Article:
The resilient support of the vehicle frame 6 is provided by a plurality of arrays 33 of rectilinear movement, shear rubber bodies which provide the required resilient resistance to movement of the body relative to the wheels 15. Two of such arrays 33 are provided between each end of each torsionally rigid beam 21 and its cantilevered frame bar 11. To this end a pair of outer rectangular metal plates 35 each has one face arranged against the face of each frame bracket plate 31 and is secured thereto by comer bolts (not shown). The upper edges of each 'pair of metal plates 35 are preferably seated in a lip 36 along the top edge of each bracket plate 31. These pairs of plates 35 are arranged side by side so that each pair of arrays are arranged one behind the other as viewed from the side of the vehicle. To the opposite face of each of these pairs of plates 35 is vulcanized a block or a body 38 of resilient rubber. The opposite sides of each of these pairs of bodies 38 of rubber have vulcanized thereto a rectangular intermediate plate 39. Each of these pairs of rectangular intermediate plates 39 is secured, as by comers bolts (not shown) to a similar rectangular metal plate 41. To the face of each of these pairs of intermediate plates 41 which faces its dual wheel 15 is vulcanized a block or body 42 of rubber the opposite generally vertical face of each of these pairs of rubber bodies having vulcanized thereto an inner rectangular metal plate 43. The rectangular inner metal plates 43 of each array 33 are parallel with their companion intermediate plates 39 and 41 and with the companion outer rectangular metal plates 35.
A cantilever bracket 45 is fixed to and projects horizontally laterally outwardly from each end of each torsionally rigid beam 21 into the space between the corresponding bar 11 and treads 18 of the dual tire l6 and secured through a plate 46 at its outboard or other end to the pair of inner plates 43 of the corresponding arrays 33 of rubber spring bodies 38 and 42. To this end each cantilever bracket 45 is shown as being in the form of thick vertical rectangular metal plate 47 secured, as by welding, to the adjacent end of the companion torsionally rigid beam 21 and preferably provided with one or more triangular gusset plates 50 to reinforce this connection.
At its outboard end each cantilever plate 45 has welded thereto the rectangular plate 47, each of these plates being in face-to-face relation with the pair of inner rectangular plates 43 of the corresponding arrays 33 of spring bodies 38, 42 and secured thereto by corner bolts (not shown).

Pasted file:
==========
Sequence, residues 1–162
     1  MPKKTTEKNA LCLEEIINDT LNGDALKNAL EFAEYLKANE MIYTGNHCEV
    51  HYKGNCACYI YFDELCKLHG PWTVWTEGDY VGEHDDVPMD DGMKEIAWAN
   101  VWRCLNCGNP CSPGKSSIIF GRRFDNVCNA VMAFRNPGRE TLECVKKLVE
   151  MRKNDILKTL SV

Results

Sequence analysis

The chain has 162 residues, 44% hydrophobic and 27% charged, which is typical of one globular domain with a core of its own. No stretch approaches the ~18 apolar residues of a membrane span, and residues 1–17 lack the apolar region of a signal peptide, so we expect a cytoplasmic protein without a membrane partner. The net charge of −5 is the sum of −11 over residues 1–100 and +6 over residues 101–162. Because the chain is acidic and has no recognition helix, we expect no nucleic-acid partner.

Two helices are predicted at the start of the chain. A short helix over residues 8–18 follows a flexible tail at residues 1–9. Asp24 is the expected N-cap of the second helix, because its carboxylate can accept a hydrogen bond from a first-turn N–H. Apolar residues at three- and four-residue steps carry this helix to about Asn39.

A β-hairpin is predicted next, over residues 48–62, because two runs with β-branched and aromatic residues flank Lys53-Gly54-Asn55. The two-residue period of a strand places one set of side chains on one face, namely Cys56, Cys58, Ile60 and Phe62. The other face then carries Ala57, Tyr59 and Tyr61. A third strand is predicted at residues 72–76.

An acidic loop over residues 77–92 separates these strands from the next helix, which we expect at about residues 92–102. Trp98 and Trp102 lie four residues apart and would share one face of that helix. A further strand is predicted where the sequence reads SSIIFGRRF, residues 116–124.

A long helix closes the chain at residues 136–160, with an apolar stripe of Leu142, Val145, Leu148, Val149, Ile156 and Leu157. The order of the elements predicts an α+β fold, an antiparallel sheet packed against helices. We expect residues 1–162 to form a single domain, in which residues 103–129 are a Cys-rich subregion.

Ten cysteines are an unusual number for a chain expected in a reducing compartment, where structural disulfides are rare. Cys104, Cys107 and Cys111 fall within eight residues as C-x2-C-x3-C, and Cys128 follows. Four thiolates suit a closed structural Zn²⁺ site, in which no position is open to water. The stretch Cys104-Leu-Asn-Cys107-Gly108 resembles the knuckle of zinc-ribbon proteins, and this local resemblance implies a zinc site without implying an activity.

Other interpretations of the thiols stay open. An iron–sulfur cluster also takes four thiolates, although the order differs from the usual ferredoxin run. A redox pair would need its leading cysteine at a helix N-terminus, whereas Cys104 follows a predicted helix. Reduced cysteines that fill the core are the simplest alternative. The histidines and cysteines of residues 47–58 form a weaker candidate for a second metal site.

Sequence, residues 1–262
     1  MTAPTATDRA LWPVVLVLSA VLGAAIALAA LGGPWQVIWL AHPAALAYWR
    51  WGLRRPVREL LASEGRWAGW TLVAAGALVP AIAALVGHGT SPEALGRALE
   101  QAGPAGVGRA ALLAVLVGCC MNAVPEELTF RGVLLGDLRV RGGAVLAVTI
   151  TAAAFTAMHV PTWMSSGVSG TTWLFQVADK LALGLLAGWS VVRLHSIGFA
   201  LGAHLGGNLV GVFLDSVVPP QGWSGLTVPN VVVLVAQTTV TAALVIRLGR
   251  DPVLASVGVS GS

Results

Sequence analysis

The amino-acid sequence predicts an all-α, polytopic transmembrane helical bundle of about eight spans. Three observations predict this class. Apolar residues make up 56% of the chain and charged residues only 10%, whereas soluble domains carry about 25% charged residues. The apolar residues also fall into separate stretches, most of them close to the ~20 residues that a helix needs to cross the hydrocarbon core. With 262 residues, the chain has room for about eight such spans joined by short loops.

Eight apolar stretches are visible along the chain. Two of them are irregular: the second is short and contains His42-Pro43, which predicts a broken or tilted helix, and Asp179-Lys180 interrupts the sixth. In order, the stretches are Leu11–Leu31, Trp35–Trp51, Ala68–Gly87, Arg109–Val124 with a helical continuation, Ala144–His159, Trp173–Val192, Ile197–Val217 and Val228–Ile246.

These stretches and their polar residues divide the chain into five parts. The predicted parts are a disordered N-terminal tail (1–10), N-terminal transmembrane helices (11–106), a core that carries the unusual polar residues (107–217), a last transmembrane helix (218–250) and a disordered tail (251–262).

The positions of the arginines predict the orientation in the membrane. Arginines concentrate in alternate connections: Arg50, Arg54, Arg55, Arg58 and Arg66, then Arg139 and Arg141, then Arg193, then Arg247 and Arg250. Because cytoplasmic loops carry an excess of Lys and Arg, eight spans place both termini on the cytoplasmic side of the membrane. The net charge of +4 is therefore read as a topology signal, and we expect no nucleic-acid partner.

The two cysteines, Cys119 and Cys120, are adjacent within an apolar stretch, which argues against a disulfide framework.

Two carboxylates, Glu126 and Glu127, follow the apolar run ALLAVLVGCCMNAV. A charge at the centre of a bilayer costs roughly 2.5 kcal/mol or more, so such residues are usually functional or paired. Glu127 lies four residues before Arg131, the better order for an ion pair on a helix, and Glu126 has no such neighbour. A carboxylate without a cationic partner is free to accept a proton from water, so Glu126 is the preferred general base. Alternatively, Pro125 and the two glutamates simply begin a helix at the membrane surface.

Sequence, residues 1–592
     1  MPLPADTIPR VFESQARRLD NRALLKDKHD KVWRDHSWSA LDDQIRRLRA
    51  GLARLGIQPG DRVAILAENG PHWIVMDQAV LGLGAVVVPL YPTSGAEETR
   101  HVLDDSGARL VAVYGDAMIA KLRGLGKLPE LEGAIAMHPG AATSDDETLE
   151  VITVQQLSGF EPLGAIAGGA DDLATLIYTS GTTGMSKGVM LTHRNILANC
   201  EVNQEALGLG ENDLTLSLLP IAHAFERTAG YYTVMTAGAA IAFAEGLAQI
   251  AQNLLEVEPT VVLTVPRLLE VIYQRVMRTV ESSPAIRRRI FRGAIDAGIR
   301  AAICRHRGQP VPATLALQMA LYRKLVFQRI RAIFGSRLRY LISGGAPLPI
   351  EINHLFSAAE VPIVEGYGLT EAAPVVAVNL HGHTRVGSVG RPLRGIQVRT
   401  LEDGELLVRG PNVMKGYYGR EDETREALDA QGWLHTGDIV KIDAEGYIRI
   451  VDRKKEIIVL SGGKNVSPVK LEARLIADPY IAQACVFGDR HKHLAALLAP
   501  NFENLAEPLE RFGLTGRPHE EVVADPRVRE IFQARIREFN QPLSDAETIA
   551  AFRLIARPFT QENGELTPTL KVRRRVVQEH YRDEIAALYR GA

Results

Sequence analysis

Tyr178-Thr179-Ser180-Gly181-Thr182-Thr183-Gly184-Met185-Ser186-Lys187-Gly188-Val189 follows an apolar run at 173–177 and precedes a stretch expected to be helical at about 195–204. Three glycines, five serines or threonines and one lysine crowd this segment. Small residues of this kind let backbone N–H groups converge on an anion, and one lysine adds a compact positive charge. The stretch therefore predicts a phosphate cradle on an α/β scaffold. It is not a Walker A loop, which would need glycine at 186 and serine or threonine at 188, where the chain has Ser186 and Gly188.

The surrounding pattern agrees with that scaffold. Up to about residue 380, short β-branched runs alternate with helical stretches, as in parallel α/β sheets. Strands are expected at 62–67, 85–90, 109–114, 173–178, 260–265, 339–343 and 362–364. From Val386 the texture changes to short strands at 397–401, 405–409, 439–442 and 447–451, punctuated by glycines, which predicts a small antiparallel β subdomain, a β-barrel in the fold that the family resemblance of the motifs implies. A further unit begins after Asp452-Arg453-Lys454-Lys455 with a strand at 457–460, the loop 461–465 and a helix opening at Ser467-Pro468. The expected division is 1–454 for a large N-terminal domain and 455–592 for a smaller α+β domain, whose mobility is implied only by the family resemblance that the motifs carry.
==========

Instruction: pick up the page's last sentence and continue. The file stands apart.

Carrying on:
' particularly the axle end being round or cylindrical,
and the torsionally rigid beam 21 being rectangular in cross section, clearly indicated the use of U-bolts. However, following conventional automotive practice resulted in occasional failure of a U-bolt through one of its legs snapping apart or being bisected under the stains imposed in service. Such failure of the U-bolts is avoided by the clamp of the present invention.
A pair of such U-bolts 56 are provided for the clamp 24 at the end of each axle, the U-bolts being at opposite sides of the corresponding torsionally rigid beam 21 with their round parts embracing and closely fitting the cylindrical and of the axle 20 as best shown in FIG. 2. The upstanding legs 58 of each U-bolt 56 extend through corner holes in a flat rectangular metal top plate 59 and pair of flat bottom plates 60, 61. These plates are identical in plan and can be identical in thickness. The nuts 62 of the U-bolts screw down against the corners of the top plate 59.
Lugs 63, 64 welded to the opposite sides of each end of the axle 20 provide a flat top face seat for the central part of the lowermost bottom plate 61. In addition, a pair of metal blocks 65, 66 are welded to the bottom face of each lowermost bottom plate 61 to straddle the lugs 63, 64 and to bear downwardly on top of their end of the axle 20. These blocks 65, 66 provide full support on the axle 20 for the parts of the lowermost bottom plate 61 which extend along the axle 20 away from its lugs 63, 64.
The uppermost plate 60 of the pair of bottom plates rests on the lowermost bottom plate 61 and has welded to its upper face a pair of spacers 68, 69 in the form of 60 substantially the full extent of the projection of these plates lengthwise of the axle 20 beyond their companion torsionally rigid bar 21.